Streams/Sinks or async methods?

I'm designing an application in rust with producers that produce data, and consumers that consume it. Example of producers are a wrapper over network io and a gamepad producing events. Examples of consumers are also a wrapper over network io and a UI view. I'm considering two possible ways of doing this:

  1. Producers use Stream abstraction, consumers use Sink abstraction. Stream combinators manipulate data. stream.forward(sink) moves data from the stream to the sink.
  2. Producers expose an async read fn to read data. Consumers provide a regular write fn to accept data. In my application a handler fn reads items from the source one-by-one, manipulates them, and writes them to the sink.
    Note that I do not require backpressure from sinks.

One inconvenience of approach (1) is there isn't anything provided in StreamExt for sending data from the same stream to multiple sinks. But this is trivial under (2) assuming items can be cloned.

I would be interested to hear reasons on why to prefer one approach over the other.

I'm also considering packaging these modules into webassembly and wonder if that would influence the answer. With approach (1) I am writing regular fns (not async) at the module level, and only deal with async at the top-level of the application. There is no async code burried in my producers or consumers. I'm not sure if this is of any benefit when interoperating with JS?

Have you considered using channels for this?

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It sounds like you are effectively creating an actor system. @alice has an excellent blog post about how you might implement this without any extra frameworks or magic - it's just async Rust and channels. I'd recommend having a ready through and seeing if the ideas fit your application.

Having the main logic be synchronous can make things easier, but Rust, JavaScript, and wasm-bindgen all have good support for async code, so it shouldn't make much of a difference.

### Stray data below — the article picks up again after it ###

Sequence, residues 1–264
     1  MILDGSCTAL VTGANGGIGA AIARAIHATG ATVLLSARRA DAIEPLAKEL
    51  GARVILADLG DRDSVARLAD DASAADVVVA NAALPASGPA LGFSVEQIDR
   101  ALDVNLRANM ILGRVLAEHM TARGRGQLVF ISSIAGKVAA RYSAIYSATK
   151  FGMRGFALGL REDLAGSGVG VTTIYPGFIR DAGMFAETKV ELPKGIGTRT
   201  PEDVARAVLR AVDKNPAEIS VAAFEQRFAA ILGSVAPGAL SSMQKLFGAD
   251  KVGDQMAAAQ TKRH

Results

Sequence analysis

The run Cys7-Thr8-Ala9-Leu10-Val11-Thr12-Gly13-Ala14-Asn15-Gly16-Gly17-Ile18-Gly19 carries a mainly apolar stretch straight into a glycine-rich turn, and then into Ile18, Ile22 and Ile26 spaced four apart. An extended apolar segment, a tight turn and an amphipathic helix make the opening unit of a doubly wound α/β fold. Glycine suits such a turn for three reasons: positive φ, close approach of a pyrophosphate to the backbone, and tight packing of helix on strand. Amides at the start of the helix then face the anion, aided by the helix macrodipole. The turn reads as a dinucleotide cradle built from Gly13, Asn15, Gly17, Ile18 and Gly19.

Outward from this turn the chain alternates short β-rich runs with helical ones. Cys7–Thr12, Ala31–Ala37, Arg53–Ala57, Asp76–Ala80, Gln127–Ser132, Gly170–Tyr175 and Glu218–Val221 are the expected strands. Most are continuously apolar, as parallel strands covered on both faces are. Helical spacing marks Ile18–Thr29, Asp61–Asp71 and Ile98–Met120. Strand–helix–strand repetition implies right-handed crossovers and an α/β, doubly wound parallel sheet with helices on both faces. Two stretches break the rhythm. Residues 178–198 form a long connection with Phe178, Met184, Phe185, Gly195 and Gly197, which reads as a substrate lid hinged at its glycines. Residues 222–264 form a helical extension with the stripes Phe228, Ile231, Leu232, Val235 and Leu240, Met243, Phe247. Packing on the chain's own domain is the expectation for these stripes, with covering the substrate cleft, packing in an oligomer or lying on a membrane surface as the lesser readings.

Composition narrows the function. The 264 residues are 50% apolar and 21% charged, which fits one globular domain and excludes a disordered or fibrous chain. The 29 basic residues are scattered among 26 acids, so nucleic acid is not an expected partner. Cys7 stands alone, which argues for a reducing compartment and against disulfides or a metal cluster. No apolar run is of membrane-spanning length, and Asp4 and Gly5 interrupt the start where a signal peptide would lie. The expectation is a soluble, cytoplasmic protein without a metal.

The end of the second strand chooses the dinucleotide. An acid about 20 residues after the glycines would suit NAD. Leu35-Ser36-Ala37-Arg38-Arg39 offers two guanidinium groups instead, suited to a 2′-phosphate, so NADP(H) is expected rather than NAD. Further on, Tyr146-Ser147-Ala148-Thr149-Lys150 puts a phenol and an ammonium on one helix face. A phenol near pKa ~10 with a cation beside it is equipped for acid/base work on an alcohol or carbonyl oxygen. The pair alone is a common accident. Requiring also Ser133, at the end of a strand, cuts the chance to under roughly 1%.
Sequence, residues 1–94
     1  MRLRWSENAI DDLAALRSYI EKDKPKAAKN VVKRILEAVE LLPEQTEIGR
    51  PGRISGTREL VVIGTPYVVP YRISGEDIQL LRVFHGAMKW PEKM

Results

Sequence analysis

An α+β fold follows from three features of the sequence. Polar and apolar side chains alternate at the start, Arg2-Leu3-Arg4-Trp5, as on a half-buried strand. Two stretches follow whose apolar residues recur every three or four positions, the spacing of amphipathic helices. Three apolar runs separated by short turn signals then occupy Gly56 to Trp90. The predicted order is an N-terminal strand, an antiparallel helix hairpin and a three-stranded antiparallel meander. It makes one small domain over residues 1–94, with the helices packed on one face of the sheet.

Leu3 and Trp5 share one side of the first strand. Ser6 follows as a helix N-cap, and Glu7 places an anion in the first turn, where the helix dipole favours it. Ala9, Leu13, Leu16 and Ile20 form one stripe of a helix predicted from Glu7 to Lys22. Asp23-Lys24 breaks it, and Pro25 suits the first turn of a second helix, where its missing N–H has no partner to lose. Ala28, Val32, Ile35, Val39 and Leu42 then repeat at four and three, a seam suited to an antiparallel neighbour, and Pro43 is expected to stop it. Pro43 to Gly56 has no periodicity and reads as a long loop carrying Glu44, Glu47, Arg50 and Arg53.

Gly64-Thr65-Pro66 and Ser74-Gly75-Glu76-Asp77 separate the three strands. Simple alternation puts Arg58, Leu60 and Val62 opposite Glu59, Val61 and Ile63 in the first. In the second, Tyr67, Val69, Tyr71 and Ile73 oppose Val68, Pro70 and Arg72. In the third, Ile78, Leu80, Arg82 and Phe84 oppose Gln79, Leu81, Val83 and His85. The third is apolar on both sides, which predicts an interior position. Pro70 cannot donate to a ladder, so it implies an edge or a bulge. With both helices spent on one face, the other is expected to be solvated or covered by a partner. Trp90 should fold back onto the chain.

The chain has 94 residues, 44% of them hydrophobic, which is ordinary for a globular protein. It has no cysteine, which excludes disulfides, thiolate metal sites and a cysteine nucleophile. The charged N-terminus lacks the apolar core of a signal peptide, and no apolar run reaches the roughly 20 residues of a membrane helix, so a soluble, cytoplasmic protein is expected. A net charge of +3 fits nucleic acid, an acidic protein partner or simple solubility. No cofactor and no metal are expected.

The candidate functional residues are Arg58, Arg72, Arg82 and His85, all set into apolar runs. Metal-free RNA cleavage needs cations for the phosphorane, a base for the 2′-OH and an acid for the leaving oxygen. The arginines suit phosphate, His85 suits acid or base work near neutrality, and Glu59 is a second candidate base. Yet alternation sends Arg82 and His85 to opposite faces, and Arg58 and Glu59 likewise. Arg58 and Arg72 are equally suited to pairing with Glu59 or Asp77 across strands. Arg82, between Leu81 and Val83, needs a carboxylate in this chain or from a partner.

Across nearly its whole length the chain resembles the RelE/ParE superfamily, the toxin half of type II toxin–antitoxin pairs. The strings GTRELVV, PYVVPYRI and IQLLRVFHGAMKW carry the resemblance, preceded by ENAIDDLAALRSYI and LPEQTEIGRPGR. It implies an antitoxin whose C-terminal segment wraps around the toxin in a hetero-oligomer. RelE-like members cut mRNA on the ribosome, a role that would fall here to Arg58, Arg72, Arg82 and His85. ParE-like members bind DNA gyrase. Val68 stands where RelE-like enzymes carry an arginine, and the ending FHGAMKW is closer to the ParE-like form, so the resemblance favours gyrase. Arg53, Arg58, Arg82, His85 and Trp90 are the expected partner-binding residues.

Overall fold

If, by "WebAssembly", you were planning to use this module outside of a browser (e.g. using a runtime like Wasmer or Wasmtime) then keeping your logic synchronous makes a massive difference

WebAssembly doesn't actually have a concept of async or futures. Instead, tools like wasm-bindgen will add glue code to both the host (the application running your WebAssembly) and guest (the Rust you compiled to a WebAssembly module) that makes everything work.

I know Wasmtime's wit-bindgen used to have support for async functions, but I just had another skim through the repo and docs, and it looks like it may have been removed.

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Thanks for the detailed reply - especially the info on wasm runtimes.

I have watched Alice's talk on building actor's with tokio. It's a great resource, and it inspired me to take the actor model approach on a separate but related service that I am building. It was a good fit for this because I have components ('actors' I guess) that run as background services, and therefore need to run on their own task. Some examples include a component that services incoming requests from a cloud IOT platform, and a component that talks to external hardware over CANbus. These modules spawn their own task so they can keep doing things in the background - without the top level application passing flow control to them.

In contrast, the code I am writing now are modules that will go into a client application with a frontend. I currently don't have any real need for these modules to be running in the background on their own tasks. I'm considering whether it might be simpler if they only get flow control when the top level application polls for some data (provider) or pushes some data (sink).

From what you're saying this approach might have some benefits if I intend to run outside the browser. Currently we're only targeting the browser so maybe it doesn't make a big difference. But it's still tempting to try to keep other options open.

Channels are another option. This would change the flow-control in the application quite significantly. producers and consumers would need to spawn their own tasks for reading/writing to channels - rather than obtaining flow control from the main application when they are polled/written.

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